The PPIC Water Policy Center
Managing water in California is a difficult task. The state has the most variable year-to-year precipitation in the country. This volatility requires intense water management to supply 40 million people and nine million acres of irrigated farmland, and to support populations of numerous freshwater species, especially the state’s iconic fishes like salmon and steelhead. The task is made more difficult by a rapidly changing climate. This is leading to warming, loss of snowpack, more intense droughts, and increasing flood risk that affects all facets of water management, including protecting the environment.
To help the state prepare, the PPIC Water Policy Center has published a series of research reports on managing water and ecosystems in a changing climate. Most recently, we published a policy brief to highlight important actions to improve climate resilience. Priorities for California’s Water summarizes key actions to help prepare the state’s water system and natural environment for coming changes. California Trout was a sponsor of this report.
Here are a few key recommendations from the report:
- Modernizing the water grid:Addressing infrastructure weaknesses and gaps— coupled with more flexible management—is essential for reducing the costs of future droughts and floods.
- Reducing fire risk in headwater forests:The state’s mountain forests—a major source of water—are in poor health. Active management can reduce the risk of extreme wildfires and help maintain the benefits that forests provide.
- Improving the health of freshwater ecosystems:A new approach to managing water for freshwater ecosystems and species can help them adapt to a warming climate.
Photo: Cover of Priorities for California's Water Report. PPIC
This work was the focus of a free public event in November, which brought together expert panelists from various local agencies, NGOs, and state government to discuss ways forward. These panel discussions are a great way to bring multiple perspectives to tough issues, and spur important conversations.
Going forward, we’re thrilled to announce the PPIC CalTrout ecosystem fellowship, funded by a group of community leaders to support critical analysis of science-based ecosystem management topics. Our first fellow is Ted Grantham, a UC Berkeley river scientist who will be working on research showing how to use “functional flows” to improve the health of freshwater ecosystems.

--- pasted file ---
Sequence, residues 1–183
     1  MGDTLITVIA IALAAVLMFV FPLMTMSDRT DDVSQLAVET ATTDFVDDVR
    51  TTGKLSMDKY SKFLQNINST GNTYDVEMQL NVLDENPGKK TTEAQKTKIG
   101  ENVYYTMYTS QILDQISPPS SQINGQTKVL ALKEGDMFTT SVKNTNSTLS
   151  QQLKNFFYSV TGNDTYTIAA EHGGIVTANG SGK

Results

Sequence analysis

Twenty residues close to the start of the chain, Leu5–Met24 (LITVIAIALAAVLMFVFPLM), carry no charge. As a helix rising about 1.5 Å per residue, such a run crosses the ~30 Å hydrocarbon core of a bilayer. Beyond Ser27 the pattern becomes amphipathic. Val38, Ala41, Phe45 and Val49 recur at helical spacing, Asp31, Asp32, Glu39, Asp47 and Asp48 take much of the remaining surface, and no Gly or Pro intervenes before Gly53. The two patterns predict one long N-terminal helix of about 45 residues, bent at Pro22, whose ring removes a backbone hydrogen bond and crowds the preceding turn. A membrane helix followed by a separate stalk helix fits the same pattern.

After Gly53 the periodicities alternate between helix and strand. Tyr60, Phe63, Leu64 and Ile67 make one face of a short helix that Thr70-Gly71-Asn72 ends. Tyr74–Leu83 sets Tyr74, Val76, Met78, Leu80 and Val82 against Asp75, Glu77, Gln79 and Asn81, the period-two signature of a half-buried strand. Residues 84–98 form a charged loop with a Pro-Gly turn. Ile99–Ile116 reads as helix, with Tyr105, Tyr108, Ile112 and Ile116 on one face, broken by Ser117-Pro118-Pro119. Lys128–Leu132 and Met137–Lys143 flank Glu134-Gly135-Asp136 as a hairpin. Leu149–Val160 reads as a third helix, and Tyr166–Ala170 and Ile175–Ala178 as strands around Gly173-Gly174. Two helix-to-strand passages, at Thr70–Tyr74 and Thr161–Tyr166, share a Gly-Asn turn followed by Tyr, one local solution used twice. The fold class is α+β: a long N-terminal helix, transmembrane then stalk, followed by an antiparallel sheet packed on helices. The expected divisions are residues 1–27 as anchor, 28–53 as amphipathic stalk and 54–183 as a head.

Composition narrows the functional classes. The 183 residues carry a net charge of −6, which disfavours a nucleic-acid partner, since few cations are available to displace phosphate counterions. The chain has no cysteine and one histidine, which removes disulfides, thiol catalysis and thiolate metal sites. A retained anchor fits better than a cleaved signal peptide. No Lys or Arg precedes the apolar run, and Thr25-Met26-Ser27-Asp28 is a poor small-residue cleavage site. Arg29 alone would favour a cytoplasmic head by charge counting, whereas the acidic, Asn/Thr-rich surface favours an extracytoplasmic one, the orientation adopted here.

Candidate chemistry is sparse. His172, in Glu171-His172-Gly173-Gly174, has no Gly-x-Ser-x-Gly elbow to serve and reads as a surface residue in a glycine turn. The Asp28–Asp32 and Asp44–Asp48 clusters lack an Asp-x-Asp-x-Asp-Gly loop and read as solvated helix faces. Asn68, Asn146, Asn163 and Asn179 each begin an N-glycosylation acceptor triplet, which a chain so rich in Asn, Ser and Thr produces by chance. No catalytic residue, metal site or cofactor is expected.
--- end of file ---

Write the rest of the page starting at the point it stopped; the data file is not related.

ABOUT THE CENTER
The PPIC Water Policy Center is a non-partisan research institute whose work is intended to support a healthy economy, environment, and society—now and for future generations. We seek to bridge the gap between rigorous scientific research and complex policy problems, helping guide agencies, stakeholders and organizations like CalTrout as they tackle the state’s major water challenges. In addition to publishing a range of information—from short policy briefs and blog posts to longer technical reports—the center excels at public outreach. Our events and workshops bring the full range of stakeholders to the table and provide a neutral forum for productive conversations.
The center concentrates on three critical, interrelated challenges facing California’s water in the 21st century:
- Investigating and encouraging comprehensive, integrated approaches to water quality and quantity
- Promoting the development of sustainable ecosystems using practical approaches to watershed management
- Helping California to adapt to an increasingly variable climate
For more information: PPIC Water Policy Center
Ellen Hanak is vice president and director of the PPIC Water Policy Center and a senior fellow at the Public Policy Institute of California, where she holds the Ellen Hanak Chair in Water Policy. Under her leadership, the center has become a critical source of information and guidance for natural resource management in California.